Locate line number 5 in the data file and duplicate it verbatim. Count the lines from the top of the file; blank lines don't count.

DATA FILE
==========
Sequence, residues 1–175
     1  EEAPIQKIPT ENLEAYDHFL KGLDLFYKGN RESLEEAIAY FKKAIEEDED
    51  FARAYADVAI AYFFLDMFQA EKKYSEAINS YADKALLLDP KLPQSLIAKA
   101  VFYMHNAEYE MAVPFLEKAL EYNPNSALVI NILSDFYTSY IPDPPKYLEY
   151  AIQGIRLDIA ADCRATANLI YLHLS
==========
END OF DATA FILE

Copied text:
   151  AIQGIRLDIA ADCRATANLI YLHLS